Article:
Franciscus Didik Dwi Budi Saputro, Mapper, 36 years old, Jakarta
“I don’t think people necessarily understand the real purpose of a map. They only see lines on a page, rivers, forests, things that don’t change. But to me, as one who helps a community map their land, the real point is the clarity and certainty it brings people—who has rights over what and do these rights clash with the views of someone else.
The process of making the map, not the map itself, is where the value lies. By listening and talking to everyone, it brings the community together, even those that aren’t supportive of the plantation plans. The best mappers are those that can relate to the whole community. Getting their input is important because that way you get a map of the community’s heart too.
Mapping is not an easy process. The view of the community can be, “well we’ve managed so far without a map, so we’ll carry on”, but my job is to convince them of the benefits in mapping, defining, agreeing and protecting land claims. Some in the community see the benefits a map brings in terms of helping the community obtain sustainability certification. For others, it’s about recognising that this can help avoid problems in the future as the community grows and changes.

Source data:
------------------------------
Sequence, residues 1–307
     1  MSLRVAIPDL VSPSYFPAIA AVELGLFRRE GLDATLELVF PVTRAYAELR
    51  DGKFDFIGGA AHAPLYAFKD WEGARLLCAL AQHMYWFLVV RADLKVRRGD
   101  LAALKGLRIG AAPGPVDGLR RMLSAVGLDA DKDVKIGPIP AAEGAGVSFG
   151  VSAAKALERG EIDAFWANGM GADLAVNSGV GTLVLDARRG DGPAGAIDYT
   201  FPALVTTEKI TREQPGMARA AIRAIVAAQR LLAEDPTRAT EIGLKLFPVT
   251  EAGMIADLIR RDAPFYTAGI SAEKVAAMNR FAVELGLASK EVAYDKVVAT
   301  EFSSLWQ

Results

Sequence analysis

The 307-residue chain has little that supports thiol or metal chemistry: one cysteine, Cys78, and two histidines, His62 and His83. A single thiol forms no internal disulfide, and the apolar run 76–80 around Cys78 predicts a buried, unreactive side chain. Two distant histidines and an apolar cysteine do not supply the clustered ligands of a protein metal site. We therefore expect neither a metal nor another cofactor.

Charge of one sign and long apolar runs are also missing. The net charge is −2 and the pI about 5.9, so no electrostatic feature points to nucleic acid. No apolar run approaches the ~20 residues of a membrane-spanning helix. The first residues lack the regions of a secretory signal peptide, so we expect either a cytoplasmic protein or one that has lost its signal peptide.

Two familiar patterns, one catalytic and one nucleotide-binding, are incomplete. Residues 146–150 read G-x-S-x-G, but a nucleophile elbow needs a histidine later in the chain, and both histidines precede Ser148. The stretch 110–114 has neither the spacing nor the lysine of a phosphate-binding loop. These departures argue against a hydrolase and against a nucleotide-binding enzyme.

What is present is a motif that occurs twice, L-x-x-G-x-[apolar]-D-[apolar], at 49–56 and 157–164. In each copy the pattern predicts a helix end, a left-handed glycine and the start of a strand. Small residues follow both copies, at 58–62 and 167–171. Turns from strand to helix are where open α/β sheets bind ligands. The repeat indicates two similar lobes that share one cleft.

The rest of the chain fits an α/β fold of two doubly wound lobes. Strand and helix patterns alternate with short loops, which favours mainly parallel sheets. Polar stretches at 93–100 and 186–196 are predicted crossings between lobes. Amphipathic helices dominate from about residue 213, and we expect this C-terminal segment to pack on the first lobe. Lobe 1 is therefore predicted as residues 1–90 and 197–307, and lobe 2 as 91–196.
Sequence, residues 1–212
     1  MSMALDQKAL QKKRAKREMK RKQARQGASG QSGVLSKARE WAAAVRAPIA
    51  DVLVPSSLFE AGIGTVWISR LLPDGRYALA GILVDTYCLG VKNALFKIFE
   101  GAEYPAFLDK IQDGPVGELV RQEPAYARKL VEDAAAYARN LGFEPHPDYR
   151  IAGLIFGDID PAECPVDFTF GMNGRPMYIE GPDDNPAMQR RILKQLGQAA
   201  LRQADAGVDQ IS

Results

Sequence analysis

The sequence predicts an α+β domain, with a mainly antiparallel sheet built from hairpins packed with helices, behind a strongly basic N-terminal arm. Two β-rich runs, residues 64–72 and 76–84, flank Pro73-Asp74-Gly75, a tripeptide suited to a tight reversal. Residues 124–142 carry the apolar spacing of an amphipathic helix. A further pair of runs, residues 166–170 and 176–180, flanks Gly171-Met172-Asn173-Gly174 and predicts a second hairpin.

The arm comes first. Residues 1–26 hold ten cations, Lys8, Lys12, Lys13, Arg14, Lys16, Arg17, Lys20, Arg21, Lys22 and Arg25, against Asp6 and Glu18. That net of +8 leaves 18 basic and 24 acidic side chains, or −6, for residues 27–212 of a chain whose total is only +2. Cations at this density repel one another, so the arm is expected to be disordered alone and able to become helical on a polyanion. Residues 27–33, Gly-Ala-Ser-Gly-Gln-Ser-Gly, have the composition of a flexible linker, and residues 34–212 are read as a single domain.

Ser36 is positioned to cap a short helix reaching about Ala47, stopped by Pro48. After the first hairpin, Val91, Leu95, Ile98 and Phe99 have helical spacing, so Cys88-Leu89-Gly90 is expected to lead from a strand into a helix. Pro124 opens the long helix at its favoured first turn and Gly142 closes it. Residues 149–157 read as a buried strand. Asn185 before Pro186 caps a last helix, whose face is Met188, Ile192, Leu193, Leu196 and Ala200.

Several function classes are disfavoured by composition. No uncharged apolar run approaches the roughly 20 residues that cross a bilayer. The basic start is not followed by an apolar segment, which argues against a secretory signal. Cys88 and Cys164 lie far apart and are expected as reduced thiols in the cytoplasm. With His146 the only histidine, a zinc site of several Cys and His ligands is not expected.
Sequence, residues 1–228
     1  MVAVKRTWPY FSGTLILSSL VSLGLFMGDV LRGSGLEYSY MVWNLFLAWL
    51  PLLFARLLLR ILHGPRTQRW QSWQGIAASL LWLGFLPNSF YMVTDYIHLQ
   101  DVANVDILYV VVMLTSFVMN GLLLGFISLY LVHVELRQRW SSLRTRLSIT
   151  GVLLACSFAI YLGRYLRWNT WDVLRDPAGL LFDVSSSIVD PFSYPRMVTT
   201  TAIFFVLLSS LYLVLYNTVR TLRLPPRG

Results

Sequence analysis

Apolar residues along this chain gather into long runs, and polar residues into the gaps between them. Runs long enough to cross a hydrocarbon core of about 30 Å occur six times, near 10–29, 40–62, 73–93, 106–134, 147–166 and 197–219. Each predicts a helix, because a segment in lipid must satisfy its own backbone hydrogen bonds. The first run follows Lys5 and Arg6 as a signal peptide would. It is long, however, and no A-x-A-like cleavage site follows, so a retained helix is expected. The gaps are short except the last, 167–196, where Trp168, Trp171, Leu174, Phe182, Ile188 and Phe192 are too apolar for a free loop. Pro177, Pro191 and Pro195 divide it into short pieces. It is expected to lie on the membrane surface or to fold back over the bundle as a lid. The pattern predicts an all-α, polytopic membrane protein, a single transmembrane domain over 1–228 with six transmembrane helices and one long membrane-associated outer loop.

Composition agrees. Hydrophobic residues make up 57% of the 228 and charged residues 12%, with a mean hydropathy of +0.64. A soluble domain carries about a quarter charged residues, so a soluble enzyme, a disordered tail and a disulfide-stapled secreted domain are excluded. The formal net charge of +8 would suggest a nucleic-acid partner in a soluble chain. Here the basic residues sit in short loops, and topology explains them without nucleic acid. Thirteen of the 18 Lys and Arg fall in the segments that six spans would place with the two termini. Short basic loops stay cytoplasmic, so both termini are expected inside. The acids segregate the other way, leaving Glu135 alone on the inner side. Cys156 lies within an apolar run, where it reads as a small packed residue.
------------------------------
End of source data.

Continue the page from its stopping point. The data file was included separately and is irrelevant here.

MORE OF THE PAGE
I’ve worked across both Riau and Kalimantan, and covered at least a thousand kilometres as a mapper for GAR. Working in Kalimantan is a little more challenging because the undeveloped land on that island is likely to be much lower in value. This means it can be difficult to get the community to engage in the mapping process because the easier way out is to buy more land instead. This can lead to trouble when the plantation is up and running and that area faces a rival claim to ownership.
My last project took me to a plantation community in Riau that involved nearly a hundred individual farmers for just over 200 hectares of land. That’s a lot of views and opinions to accommodate in a map. But I love my job—where else would you get paid to travel and integrate yourself with new people, cultures, and traditions?”
Read more about GAR’s participatory conservation planning and community partnerships here.
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